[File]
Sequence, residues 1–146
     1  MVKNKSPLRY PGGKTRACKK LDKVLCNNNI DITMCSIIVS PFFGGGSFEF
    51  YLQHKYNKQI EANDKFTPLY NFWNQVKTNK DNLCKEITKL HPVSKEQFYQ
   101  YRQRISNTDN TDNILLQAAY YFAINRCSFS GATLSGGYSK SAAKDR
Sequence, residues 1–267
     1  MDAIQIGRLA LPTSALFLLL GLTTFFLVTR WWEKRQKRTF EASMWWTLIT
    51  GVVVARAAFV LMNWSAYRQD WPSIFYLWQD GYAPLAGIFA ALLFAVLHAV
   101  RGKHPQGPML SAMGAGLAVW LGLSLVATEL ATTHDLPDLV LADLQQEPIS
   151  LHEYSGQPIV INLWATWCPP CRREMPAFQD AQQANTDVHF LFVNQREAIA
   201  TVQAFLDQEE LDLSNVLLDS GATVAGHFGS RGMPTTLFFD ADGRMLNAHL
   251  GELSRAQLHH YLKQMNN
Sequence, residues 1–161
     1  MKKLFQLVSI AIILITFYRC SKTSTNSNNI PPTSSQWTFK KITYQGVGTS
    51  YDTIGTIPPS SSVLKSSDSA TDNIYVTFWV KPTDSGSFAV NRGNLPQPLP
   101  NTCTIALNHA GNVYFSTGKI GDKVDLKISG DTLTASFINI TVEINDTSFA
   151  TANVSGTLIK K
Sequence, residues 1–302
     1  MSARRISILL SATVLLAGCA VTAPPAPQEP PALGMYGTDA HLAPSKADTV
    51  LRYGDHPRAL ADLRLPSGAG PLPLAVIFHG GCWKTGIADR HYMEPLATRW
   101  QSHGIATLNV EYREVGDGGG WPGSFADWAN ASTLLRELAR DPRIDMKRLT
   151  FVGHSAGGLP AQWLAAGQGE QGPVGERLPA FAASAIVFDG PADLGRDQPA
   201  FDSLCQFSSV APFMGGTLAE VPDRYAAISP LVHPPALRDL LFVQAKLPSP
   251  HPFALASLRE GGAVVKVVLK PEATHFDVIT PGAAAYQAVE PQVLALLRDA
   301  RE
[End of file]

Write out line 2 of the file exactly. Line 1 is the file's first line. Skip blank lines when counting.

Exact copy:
     1  MVKNKSPLRY PGGKTRACKK LDKVLCNNNI DITMCSIIVS PFFGGGSFEF